workshop in hospital, modena italy

 
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sandroun



Joined: 07 Dec 2006
Posts: 1
Location: modena, Italy

PostPosted: Thu Dec 14, 2006 9:41 am
PostPost subject: workshop in hospital, modena italy
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Hi there. I'm moreno pigoni i'm a professional puppeteer in italy qnad now we are organizing a workshop in the local hopital. it's a particular workshop because is direct to the children of oncology, so some of them cannot move from the bed, others are in the hospital from such a long time. The workshop have the aim to give them some 'normal' lifetime spendin their time havin fun and making puppet to play in a final show. I'm looking for soomeone who is doing a similar project. this, above all, to share impression, strategy, and experience.
Write me please
My best
Moreno Pigoni
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Moreno Pigoni
www.iburattinidellacommedia.it
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papertalker
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Joined: 14 Dec 2004
Posts: 206
Location: Virginia, USA

PostPosted: Thu Dec 14, 2006 5:20 pm
PostPost subject: Hospital Workshop
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Thanks so much for your question.

First: the setting is on or near a bed. This means that the puppets will either be used in the hands of the children themselves or in the hands of 'puppeteers' near the bed--or both. The puppets can appear at the foot of the bed (instant theater) or simply visible in the hand. A simple screen (room divider) may also be erected to serve as a theater.

Second: the process. A theater is cumbersome and impractical, though possible, providing thought is given to the requirements of the setting. But by themselves the puppets are strong enough to perform without a stage. Puppets can appear from behind or at the doorway, and move closer to the bed as they ask questions, present problems, talk casually about the weather, a TV show that children may watch and be familiar with, tell a joke, engage in word-play, or invite children to play a game.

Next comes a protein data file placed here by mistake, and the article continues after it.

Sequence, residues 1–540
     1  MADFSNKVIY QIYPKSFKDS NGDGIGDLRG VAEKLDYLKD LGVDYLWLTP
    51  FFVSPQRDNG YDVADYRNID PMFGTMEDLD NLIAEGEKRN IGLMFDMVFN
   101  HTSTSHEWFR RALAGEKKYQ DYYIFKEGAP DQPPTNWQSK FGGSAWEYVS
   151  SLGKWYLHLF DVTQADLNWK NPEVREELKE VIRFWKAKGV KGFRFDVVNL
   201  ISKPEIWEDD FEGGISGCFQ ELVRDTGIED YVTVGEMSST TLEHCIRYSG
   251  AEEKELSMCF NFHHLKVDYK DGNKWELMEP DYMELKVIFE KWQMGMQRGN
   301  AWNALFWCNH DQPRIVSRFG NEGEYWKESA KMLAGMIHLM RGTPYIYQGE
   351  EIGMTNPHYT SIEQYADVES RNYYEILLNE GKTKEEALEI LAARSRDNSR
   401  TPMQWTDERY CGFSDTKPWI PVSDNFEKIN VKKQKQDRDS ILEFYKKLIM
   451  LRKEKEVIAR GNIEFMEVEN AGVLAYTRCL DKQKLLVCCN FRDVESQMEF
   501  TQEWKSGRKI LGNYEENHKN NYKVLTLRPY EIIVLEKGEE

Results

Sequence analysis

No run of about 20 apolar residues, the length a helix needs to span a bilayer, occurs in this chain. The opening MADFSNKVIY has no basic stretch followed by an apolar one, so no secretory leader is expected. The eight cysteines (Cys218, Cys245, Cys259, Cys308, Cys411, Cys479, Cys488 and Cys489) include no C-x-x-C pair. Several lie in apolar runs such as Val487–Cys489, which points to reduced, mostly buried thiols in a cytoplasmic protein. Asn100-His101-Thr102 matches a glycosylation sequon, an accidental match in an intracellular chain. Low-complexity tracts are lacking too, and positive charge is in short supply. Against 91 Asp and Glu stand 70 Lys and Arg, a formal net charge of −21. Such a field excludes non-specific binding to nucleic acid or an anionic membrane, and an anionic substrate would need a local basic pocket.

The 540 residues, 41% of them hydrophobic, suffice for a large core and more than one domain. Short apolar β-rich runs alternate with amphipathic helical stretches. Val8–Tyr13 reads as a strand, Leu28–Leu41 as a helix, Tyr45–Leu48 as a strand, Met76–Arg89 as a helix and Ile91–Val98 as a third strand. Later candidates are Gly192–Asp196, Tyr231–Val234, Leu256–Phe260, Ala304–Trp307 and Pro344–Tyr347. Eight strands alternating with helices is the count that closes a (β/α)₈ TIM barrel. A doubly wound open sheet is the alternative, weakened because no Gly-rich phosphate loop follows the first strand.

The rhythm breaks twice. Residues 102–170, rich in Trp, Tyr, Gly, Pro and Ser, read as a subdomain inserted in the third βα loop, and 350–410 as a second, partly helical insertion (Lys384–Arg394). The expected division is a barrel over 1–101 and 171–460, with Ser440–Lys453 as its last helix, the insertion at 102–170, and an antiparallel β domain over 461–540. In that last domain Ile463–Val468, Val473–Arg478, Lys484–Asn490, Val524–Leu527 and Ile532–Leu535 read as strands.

Over time, a puppet or puppets will become 'regular' mascots, visitors, friends. These characters can take on roles that help to support the needs of the children, based on background information that can be provided by the children themselves, the family, or the care-givers. The puppets can include everybody or whoever happens to walk into a situation.

The qualities that we look for in the interaction include: surprise, spontaneity, a little naughtiness that the child can enjoy and perhaps identify with (a puppet who is always making a fool of himself and doesn't care what people think is a model that children confined to a hospital bed might enjoy having as a friend).

There is a powerful lesson in Cast Away, the Tom Hanks movie in which Hanks, stranded on an island, creates a companion out of a volley ball. "Wilson," as he names him, supports Hanks through his worst moments of fear and despair. The puppets you are planning to use can be given the same power in the lives of these children.